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! Dict make a dictionary key key list group group list by values value value list

Lists and dictionaries

A list is a mapping from its indexes to its items: v:1040 59 27 maps

0 -> 1040
1 -> 59
2 -> 27

A dictionary is a mapping from a list of keys to a list of values.

q)show d:`tom`dick`harry!1040 59 27
tom  | 1040
dick | 59
harry| 27

The indexes of v are 0 1 2. The indexes of d are `tom`dick`harry.

The values of v and d are the same.

q)value d
1040 59 27
q)value `v
1040 59 27


Use Dict to make a dictionary from a list of keys and a list of values.

q)show d:`a`b`c!1 2 3
a| 1
b| 2
c| 3

The lists must be the same length. The keys should be unique (no duplicates) but no error is signalled if duplicates are present.

Avoid duplicating keys in a dictionary or (column names in a) table.

Q does not reject duplicate keys, but operations on dictionaries and tables with duplicate keys are undefined.

If you know the keys are unique you can set the u attribute on them.

(`u#`a`b`c)!100 200 300

The dictionary will then function as a hash table – and indexing will be faster.

Set Attribute

Items of the key and value lists can be of any datatype, including dictionaries or tables.

Keys and values

q)key d
q)value d
1 2 3

Keywords key and value return the key and value lists respectively.


A dictionary is a mapping from its key items to its value items.

A list is a mapping from its indexes to its items. If the indexes of a list are its keys, it is unsurprising to find a dictionary is indexed by its keys.

q)v:10 20 30 40 50
q)show dic:k!v
a| 10
b| 20
c| 30
d| 40
e| 50

40 20
q)v[3 1]
40 20

Nor that we can omit index brackets the same way.

q)dic `d`b
40 20
q)v 3 1
40 20

Indexing out of the domain works as for lists, returning a null of the same type as the first value item.

q)v 5
q)dic `x

But unlike a list, indexed assignment to a dictionary has upsert semantics.

q)v[5 1]:42 100
  [0]  v[5 1]:42 100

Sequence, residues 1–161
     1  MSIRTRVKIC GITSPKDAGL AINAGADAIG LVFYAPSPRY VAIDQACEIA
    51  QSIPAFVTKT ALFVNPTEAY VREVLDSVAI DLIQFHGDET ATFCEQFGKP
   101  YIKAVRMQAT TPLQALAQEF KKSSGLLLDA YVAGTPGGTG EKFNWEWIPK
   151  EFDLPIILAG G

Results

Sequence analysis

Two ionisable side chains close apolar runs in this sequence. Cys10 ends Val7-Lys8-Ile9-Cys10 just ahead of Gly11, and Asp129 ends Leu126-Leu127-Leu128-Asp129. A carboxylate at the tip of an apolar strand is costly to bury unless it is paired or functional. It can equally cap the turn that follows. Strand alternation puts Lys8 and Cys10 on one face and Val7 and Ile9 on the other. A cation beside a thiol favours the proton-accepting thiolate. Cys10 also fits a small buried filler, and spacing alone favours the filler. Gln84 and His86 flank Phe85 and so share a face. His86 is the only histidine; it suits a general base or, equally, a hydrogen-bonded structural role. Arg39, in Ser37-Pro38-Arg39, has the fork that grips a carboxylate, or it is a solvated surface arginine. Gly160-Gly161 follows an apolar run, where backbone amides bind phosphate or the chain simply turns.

q)dic[`x`b]:42 100
a| 10
b| 100
c| 30
d| 40
e| 50
x| 42

Dictionary indexing uses Find to search the keys.

q)d[x] ~ v[k?x]

where and Find

Find and where both return indexes from lists. Also from dictionaries.

q)d:`a`b`c`d!10 20 30 10

q)where d=10


Reverse dictionary lookup: use Find for the key of the first matching value, or where for all of them.


q)dns `apple


q)where dns=`$""


Dictionaries are ordered.

q)first dic
q)last dic

q)v:1 2 3
q)(k!v) ~ reverse[k]!reverse v

Taking and dropping from a dictionary

Dictionaries are ordered, so you can take and drop items from either end of them.

a| 10
b| 20
c| 30
d| 10

c| 30
d| 10

q)-1 _ d
a| 10
b| 20
c| 30

You can also take and drop selected items.

b| 20
d| 10

q)`b`x _ d
a| 10
c| 30
d| 10

Joining dictionaries

Join on dictionaries has upsert semantics.

q)(`a`b`c!10 20 30),`c`d!400 500
a| 10
b| 20
c| 400
d| 500

Empty and singleton dictionaries

Just like a list, a dictionary may be empty or have a single item. But its key and value must still be lists.

q)()!()                     / general empty dictionary
q)(`symbol$())!`float$()    / typed empty dictionary

q)sd:(enlist `a)!enlist 1   / singleton dictionary
a| 1
q)key sd
q)value sd

Column dictionaries

When a dictionary’s value items are all same-length lists, it is a column dictionary.

q)show bd:`name`dob`sex!(`jack`jill`john;1982.09.15 1984.07.05 1990.11.16;`m`f`m)
name| jack       jill       john
dob | 1982.09.15 1984.07.05 1990.11.16
sex | m          f          m

Flip it and we see a table.

q)flip bd
name dob        sex
jack 1982.09.15 m
jill 1984.07.05 f
john 1990.11.16 m

Step dictionaries
Q for Mortals §5. Dictionaries,